With your new operating position, you have a wide array of options. A fancy office desk can be used or a simple door blank on top of a couple of used 2 drawer filing cabinets. You can surround the room with bookcases or add a second table as a work area for projects. The design is really up to you. There are a few suggestions I would like to make:
Make sure that the set-up you design will be comfortable to use.
Buy a good office chair to sit in. Anything less will induce fatigue, whic will detract from your enjoyment of the hobby.
Make sure you have good lighting at the operating position and around the room. Here again, eyestrain and fatigue are the enemy.
If you are going to have a computer at your operating position, you may have to add some RF chokes to the various computer cables you will be using. For me the biggest problem was interference to the PC speakers from the radio transmissions. There are PC speakers available that can filter this interference out. Another solution is to physically separate the radios and the PC by a few more feet.
There are at least three books that every operator should have in their possession. The first is a copy of the FCC rule book. The second is a recent copy of the ARRL Handbook. These are updated every year. Yours need not be the absolute latest, but it should not be more than 2 or 3 years old. The third is a copy of the ARRL Operating Manual. Like the Handbook, this one is updated regularly, but any copy less than 5 years old will be OK.
The first book, The FCC Rule Book, you should always have at the operating position. If there is a question as to what is permitted or legal, the answer will be seen in a careful reading of the Rules.
The second book, The ARRL Handbook, is considered the primary reference for all things RF. It is found on most of the desks of professional engineers as well as amateur operators. In addition to chapters explaining every facet of radio communications there are projects to build from the very simple to the most complex.
The third book, The ARRL Operating Manual, is the definitive tome on anything to do with actually operating your radio station. In addition to proper procedures for every band and/or mode available, it contains important reference chapters on countries and call signs around the world and their operating privileges plus maps and guides to almost every facet of amateur radio.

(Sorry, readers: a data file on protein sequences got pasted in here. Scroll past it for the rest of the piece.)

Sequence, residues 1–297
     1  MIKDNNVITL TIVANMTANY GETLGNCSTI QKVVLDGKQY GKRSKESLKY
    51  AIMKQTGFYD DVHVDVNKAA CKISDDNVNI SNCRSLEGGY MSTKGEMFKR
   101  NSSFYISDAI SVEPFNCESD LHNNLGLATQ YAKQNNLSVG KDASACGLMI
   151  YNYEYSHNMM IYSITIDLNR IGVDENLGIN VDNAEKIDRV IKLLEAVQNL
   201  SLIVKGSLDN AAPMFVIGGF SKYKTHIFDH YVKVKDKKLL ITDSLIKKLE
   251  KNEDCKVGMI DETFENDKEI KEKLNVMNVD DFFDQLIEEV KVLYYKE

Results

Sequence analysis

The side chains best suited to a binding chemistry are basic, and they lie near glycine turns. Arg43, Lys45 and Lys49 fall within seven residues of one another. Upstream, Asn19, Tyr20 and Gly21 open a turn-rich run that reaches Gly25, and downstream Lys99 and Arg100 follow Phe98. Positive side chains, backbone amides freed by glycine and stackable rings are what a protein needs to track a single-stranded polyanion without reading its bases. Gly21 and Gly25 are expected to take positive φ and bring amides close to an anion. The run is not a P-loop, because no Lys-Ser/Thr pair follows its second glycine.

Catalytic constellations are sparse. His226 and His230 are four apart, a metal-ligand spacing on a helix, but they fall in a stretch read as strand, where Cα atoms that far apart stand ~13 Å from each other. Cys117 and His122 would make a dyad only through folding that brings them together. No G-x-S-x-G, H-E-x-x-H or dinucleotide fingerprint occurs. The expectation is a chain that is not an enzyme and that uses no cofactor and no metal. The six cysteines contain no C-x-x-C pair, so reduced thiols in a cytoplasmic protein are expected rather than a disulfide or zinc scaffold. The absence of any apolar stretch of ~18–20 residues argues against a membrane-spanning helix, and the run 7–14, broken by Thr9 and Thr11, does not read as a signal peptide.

The material so far is what I consider to be the barest minimum for a home radio station.From here, you can build out and up to add whatever you need to satisfy yourself as an Amateur Radio Operator.
I have seen and visited stations with custom built cabinetry consoles for all the different radio gear. Incredibly complex tower and antenna systems are a feature of some of the bigger stations. There are stations where the operating position is in one place and the actual radios and antennas are miles away, controlled remotely by computer. I know of at least one ham who has an operating position at his home in Florida, while his actual station is over a thousand miles away in his Midwest Home. Both are connected with computers operating over the Internet and operate just as though the radios were in the same room with the operator.
By the same token, I know of several hams whose stations consist of one or two HTs and mag-mount antennas on top of a filing cabinet or a refrigerator. Your station may well fall somewhere between these two examples.
The main thing every new operator has to understand is that skill and comfort come from frequent practice with the equipment. You cannot get the license, buy the gear and then just sit back and wait until it is needed in a disaster. You must get on the air, check into local and regional nets and monitor and use the frequencies often if you are to attain any level of competence as a communicator. Plus, it will be a lot of fun as well.
The material presented here is just a starting point. An experienced operator can offer help with the many details that I was unable to cover here. Join your local amateur radio club and get to know the members. The friendships created in this environment can add immeasurably to your knowledge, skill and enjoyment as a trained communicator in whatever aspect of amateur radio piques your interest.